Colts struggle with illegal contact rule

INDIANAPOLIS -- The Indianapolis Colts thought they had gotten the ball back from the Giants on back-to-back plays in the first quarter on Saturday.

One was an interception by cornerback Darius Butler. The other was safety Mike Adams recovering a fumble after cornerback Greg Toler had stripped the ball from Giants receiver Victor Cruz.

Both plays did not count because a flag was thrown. Both penalties were because of illegal contact by the Colts.

The Colts found out the tough way just how serious the NFL is about the illegal contact penalty. Defensive players are not allowed to touch the offensive player after he gets outside of the 5-yard contact zone.

The Colts were called for illegal contact five times Saturday.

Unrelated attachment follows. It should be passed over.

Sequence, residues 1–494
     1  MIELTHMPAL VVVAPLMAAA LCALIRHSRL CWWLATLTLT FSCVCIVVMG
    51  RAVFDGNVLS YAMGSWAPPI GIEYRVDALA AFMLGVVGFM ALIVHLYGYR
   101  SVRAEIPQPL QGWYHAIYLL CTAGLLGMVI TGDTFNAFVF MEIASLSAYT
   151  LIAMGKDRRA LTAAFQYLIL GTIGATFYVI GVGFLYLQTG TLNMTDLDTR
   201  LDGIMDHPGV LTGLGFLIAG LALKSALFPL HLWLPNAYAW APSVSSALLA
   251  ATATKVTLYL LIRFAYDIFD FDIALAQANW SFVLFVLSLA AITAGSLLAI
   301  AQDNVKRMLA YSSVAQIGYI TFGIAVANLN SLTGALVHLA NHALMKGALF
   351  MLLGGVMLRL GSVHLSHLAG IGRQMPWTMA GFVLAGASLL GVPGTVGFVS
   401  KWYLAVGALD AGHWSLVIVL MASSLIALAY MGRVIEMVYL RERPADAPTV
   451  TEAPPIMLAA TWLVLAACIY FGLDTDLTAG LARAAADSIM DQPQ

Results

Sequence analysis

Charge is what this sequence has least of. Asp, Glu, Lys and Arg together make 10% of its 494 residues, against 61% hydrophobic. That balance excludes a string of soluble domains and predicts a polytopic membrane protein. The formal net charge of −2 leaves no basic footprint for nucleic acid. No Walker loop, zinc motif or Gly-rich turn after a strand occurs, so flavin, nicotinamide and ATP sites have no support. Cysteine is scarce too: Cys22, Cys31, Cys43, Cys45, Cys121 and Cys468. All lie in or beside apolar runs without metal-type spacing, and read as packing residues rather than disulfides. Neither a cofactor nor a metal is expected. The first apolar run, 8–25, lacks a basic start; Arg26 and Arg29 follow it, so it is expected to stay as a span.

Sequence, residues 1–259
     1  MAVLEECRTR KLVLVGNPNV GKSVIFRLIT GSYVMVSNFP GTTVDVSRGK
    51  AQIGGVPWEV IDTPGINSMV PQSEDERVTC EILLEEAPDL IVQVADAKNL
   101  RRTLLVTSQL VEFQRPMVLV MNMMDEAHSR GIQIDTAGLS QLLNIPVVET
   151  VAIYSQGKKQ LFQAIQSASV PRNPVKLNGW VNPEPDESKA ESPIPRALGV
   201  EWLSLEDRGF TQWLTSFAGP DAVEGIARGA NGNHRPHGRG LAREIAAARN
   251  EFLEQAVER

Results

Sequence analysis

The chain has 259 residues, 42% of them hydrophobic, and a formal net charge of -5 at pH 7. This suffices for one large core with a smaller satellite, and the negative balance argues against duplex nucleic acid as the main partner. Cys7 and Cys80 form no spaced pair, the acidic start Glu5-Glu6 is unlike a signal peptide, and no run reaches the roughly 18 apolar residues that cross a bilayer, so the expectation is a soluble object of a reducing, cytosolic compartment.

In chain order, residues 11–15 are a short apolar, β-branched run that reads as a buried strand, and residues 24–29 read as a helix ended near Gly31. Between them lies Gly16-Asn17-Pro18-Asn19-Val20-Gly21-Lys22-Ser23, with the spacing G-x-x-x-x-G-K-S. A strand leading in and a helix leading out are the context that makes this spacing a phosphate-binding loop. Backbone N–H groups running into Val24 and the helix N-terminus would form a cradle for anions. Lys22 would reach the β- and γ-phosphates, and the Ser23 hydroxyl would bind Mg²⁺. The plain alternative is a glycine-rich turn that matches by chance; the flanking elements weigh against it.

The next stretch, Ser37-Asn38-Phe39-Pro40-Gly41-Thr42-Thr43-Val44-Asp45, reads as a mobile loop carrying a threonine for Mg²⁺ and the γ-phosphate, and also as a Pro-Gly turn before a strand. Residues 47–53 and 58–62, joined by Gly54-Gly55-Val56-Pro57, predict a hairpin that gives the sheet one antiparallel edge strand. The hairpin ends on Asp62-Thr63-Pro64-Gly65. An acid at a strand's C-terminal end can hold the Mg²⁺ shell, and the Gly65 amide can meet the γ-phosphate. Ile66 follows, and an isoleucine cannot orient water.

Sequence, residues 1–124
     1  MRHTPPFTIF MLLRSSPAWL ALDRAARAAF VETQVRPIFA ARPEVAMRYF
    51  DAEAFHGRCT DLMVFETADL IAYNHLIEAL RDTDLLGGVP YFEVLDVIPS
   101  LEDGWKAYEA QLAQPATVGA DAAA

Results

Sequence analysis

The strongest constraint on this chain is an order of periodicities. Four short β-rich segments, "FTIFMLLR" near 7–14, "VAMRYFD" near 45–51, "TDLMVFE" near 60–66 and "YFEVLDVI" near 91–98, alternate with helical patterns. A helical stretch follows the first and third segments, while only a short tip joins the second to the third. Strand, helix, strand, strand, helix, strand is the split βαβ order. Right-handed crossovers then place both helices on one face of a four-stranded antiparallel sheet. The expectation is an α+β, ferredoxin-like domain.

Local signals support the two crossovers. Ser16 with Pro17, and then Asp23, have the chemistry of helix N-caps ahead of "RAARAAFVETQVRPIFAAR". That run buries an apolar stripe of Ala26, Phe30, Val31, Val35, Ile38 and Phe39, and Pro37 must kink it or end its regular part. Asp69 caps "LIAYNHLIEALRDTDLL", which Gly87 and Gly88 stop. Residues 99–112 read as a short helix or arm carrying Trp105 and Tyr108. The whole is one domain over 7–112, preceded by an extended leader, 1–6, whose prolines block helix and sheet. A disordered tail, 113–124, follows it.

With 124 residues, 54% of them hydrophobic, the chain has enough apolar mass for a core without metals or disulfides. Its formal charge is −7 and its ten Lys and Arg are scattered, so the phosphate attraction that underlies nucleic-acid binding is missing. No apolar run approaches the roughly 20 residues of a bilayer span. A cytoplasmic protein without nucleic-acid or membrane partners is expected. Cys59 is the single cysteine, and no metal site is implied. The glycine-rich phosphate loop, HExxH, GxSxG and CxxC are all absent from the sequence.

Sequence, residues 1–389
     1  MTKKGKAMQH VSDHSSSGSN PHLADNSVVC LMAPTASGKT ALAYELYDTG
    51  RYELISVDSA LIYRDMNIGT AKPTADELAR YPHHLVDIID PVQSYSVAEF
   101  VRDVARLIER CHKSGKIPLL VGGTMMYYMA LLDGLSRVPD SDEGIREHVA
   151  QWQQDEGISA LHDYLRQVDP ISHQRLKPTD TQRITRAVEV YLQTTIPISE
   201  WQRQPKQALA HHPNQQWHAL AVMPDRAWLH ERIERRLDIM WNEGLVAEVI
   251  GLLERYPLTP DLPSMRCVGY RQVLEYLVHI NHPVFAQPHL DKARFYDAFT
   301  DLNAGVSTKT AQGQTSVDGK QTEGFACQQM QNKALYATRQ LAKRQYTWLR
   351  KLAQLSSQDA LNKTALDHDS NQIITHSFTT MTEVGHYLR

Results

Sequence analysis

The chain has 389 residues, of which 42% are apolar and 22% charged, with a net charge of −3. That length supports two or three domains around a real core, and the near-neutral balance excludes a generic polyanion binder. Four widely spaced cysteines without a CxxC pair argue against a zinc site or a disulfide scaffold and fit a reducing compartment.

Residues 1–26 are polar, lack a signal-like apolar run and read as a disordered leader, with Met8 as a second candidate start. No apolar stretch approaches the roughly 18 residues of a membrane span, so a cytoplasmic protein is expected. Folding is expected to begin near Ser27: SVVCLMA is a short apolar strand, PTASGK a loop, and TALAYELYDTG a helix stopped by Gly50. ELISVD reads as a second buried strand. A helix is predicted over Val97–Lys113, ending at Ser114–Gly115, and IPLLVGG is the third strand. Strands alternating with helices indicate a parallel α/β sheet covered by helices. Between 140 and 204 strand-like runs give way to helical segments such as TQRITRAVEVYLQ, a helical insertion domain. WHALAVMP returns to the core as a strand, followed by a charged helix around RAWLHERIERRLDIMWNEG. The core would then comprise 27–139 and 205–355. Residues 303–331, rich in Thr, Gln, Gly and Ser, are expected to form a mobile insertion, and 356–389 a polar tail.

“It’s a point of emphasis coming into the season,” Colts coach Chuck Pagano said. “We have officials in practice. We have the NFL officials in so we’ve been harping on it in the whole offseason program, OTAs, minicamp and all through training camp. You can kind of see where the weekend’s going, including our game, as far as the emphasis on illegal contact, offensive P.I., D.P.I., holding, all those things in the back end. Guys are going to have to do a great job. You’re allowed five yards, and then after five yards, you’ve got to get off guys and you can’t have contact. We’ve got to do a better job coaching it.”

Linebacker Kelvin Sheppard was called for illegal contact twice. The first time was when Butler intercepted Giants quarterback Eli Manning. When he was called for it a second time, it took away an exceptional play by linebacker Bjoern Werner, who caught Giants running back Rashad Jennings from behind for no gain.

“It’s tough, especially now days with these tight ends,” Sheppard said. “Most of them can run. They’re 6-6, 260 pounds running a 4.5. It’s tough for linebackers now days to put ourselves in a position of success. It is what it was. They called me for it. They’re right, I’m wrong. You have to learn from it.”